Snowfall is heaviest in regions in the USA in which the average daily temperature in winter is lower than in other regions.
That seems obvious and unnecessary to point out. However, in matters of race- or perhaps crime prevention- we sometimes suspend common sense.
Credit Phillip Jackson of the Philadelphia Tribune, described by Wikipedia as "the oldest continuously published African-American newspaper in the United States," for reporting last January
The American Civil Liberties Union of PA (ACLU) and the city are still in disagreement over the use of stop and frisk tactics by the Philadelphia Police Department (PPD).
The city filed their report on stops done in the city on Monday after the ACLU filed theirs earlier this month showing that rates are still high for people of color getting stopped by police.
The city refuted the ACLU’s numbers after Robert Taylor, the city’s expert in social psychology and quantitative criminology, conducted an analysis that did not match the same numbers given.
The ACLU’s report noted that racial disparities still remain with African-Americans accounting for 69 percent of stops from January to June in a city in which they are 48 percent of the population according to the press release.
“Professor Taylor’s statistical analysis showed that race did not play a factor in whether a stop and frisk was more a less likely to be premised on legally articulable constitutional grounds,” the document read in the seventh report to the court and monitor.
“The parties however are in disagreement on whether the data shows that race plays a factor in the stop rates of Blacks and Hispanics city-wide. Professor Taylor reports that Plaintiffs method for calculating stop rates are inflated.”
“We continue to see the total number of pedestrian stops performed by the PPD drop, resulting in significantly fewer numbers of stops without reasonable suspicion,” said Mike Dunn, deputy communications director. “Further, the city’s expert has concluded that the racial differences seen among stop rates is the result of factors other than race. We are confident that the measures implemented by the PPD are moving the city in the right direction.”
The ACLU, Jackson explained, believes that blacks are being stopped disproportionately and that a large minority of stops is made without "reasonable suspicion"- the legal standard.
The threshhold for determining a neighborhood is sufficiently dangerous to warrant this police activity may be lower in black, thanin white, neighborhoods, which would suggest not only racial bias but ineffective policing.
Nonetheless, one cannot justifiably conclude that a greater proportion of blacks than of white being frisked is in and of itself conclusive evidence of racial profiling. Nor should it be considered prima facie evidence of discrimination or racial bias.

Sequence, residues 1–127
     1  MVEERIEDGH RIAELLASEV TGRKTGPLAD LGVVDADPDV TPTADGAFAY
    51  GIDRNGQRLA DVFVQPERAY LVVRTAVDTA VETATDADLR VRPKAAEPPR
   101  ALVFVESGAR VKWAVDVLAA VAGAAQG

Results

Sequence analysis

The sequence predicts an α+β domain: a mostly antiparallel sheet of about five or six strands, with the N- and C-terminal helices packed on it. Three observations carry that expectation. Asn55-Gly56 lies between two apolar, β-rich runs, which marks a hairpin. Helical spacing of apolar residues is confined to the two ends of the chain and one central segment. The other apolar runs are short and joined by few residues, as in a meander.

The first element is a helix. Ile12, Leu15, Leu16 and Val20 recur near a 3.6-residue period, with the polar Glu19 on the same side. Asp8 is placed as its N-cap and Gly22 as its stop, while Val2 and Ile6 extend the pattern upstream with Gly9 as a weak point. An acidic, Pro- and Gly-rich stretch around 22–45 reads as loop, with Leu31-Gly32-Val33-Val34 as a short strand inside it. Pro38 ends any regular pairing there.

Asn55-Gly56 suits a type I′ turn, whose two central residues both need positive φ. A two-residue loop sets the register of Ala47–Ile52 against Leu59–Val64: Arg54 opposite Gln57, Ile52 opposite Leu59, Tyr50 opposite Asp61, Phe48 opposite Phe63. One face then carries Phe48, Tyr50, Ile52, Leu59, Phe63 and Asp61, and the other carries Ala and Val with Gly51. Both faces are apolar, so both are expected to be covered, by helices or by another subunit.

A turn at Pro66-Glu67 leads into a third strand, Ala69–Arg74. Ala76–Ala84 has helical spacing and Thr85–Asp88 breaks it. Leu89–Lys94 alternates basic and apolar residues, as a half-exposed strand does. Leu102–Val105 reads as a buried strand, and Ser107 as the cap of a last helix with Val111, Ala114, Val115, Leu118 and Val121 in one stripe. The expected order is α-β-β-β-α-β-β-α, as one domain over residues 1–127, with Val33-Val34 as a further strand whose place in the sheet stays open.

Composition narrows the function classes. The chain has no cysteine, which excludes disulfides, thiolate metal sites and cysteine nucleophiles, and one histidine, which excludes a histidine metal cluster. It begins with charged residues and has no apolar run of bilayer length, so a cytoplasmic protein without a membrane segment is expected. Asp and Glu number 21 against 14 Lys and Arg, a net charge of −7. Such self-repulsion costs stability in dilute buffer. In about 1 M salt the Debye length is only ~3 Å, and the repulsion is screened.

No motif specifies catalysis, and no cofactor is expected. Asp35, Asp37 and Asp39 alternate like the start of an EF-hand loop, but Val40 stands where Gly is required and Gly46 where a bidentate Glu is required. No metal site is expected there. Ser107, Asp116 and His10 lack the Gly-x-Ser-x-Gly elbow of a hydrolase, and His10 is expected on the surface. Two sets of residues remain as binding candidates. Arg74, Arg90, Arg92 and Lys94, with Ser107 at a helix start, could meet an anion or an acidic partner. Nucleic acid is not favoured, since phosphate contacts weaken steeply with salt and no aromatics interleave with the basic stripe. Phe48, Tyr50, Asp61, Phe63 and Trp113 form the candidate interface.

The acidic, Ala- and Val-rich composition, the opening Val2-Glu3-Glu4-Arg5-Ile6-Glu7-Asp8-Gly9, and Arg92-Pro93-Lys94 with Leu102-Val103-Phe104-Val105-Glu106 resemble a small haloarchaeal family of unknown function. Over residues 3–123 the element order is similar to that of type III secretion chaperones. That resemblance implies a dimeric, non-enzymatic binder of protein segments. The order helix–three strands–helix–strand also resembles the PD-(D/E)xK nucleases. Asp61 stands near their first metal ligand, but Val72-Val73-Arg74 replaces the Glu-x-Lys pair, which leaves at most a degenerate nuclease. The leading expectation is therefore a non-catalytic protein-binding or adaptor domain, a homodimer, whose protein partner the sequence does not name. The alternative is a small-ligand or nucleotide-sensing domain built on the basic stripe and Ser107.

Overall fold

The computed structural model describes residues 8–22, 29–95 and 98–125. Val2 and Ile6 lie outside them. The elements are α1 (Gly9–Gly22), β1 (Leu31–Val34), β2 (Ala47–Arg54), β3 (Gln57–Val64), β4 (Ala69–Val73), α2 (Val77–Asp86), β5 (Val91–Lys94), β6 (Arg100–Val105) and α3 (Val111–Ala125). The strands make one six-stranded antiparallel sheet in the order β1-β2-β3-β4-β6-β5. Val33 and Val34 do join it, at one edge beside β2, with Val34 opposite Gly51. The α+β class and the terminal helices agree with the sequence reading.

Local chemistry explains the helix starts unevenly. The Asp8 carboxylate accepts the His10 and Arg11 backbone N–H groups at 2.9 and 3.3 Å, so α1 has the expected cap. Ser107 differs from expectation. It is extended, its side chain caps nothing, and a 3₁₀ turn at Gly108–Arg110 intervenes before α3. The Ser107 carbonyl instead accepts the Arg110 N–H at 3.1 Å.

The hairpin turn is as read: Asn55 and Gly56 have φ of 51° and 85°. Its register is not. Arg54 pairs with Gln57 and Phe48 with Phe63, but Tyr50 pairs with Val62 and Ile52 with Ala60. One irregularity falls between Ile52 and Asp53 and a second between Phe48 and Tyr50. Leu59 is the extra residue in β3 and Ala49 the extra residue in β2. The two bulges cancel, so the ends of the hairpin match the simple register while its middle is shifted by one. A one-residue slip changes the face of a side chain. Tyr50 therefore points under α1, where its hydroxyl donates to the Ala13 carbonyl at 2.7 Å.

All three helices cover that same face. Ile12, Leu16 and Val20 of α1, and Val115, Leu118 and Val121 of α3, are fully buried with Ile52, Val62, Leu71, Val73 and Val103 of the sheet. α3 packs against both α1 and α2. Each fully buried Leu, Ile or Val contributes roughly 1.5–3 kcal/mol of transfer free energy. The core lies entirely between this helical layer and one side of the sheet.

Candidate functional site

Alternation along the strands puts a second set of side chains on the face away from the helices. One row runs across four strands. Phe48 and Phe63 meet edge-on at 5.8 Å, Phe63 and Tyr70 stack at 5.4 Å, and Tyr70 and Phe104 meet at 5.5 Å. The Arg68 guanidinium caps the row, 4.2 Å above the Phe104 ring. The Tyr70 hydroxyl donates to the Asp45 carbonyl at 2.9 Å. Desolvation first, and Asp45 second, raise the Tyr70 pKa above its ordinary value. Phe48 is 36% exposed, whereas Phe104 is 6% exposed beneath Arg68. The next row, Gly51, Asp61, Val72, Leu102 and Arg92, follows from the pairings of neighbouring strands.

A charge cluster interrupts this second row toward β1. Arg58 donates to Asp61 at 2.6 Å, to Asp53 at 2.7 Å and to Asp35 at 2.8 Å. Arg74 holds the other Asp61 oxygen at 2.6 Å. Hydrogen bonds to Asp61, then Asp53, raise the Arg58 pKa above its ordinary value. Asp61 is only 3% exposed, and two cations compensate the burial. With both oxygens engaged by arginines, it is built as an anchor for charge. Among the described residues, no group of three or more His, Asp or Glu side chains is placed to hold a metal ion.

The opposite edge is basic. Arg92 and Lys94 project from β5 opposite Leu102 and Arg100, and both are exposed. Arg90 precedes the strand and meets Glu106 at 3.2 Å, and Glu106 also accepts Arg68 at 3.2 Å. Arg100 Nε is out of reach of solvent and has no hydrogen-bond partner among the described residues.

Stop-and-frisk in a search for illegal weapons should take place in neighborhoods, irrespective of ethnicity, which experience a higher rate of violent crime. However, the rate of stops will reflect the higher rate of violent crime in predominantly black neighborhoods than in predominantly white neighborhoods.
It's critical that the Philadelphia Police Department get stop-and-frisk right (unenlightening video from 1/18 in west Philadelphia, below). It must do so in order to pass constitutional muster, and because the safety of city residents demands it. A week ago we learned
Tyree Bates, 14, was killed when two people, possibly including a fellow teenager, opened fire late Monday night in what investigators are calling a likely North Philadelphia neighborhood dispute.
Gunfire rang out just before midnight along North 4th Street near Susquehanna Avenue striking a group of people outside on the sidewalk and some cars parked on the block, Philadelphia police said.
Tyree Bates was shot in the head and died hours later at the hospital. Bullets also struck 11-year-old, 14-year-old and 15-year-old boys and a 24-year-old man, Philadelphia Police Chief Inspector Scott Small said. All those victims were listed in stable condition with gunshot wounds to various parts of the body.
All the boys live within a block of where the shooting took place.
"It was probably related to some sort of neighborhood dispute," Philadelphia Police Homicide Capt. Jack Ryan said.
The 24-year-old didn't appear to be the target, Ryan said.
The two shooters worked with each other as they fired at least 21 shots from opposite sides of the street, according to Ryan.
One of the shooters could be a teenager who is 15 or 16 years old, witnesses and victims told investigators. Police were in contact with the teen’s family in hopes of tracking him down.
Effective gun control laws are needed, a reality that the right and even the left are loathe to admit. (Give the left a sometimes competing cause- race, immigrant rights, rights of sexual minorities, virtually anything- and the importance of gun safety legislation fades.) And so individuals and groups who march against the proliferation of firearms should be lauded.
Yet, urban neighborhoods with serious violent crime cannot wait for political officials to buck the gun lobby and prioritize the safety of its citizens. Legal and effective stop-and-frisk programs are essential.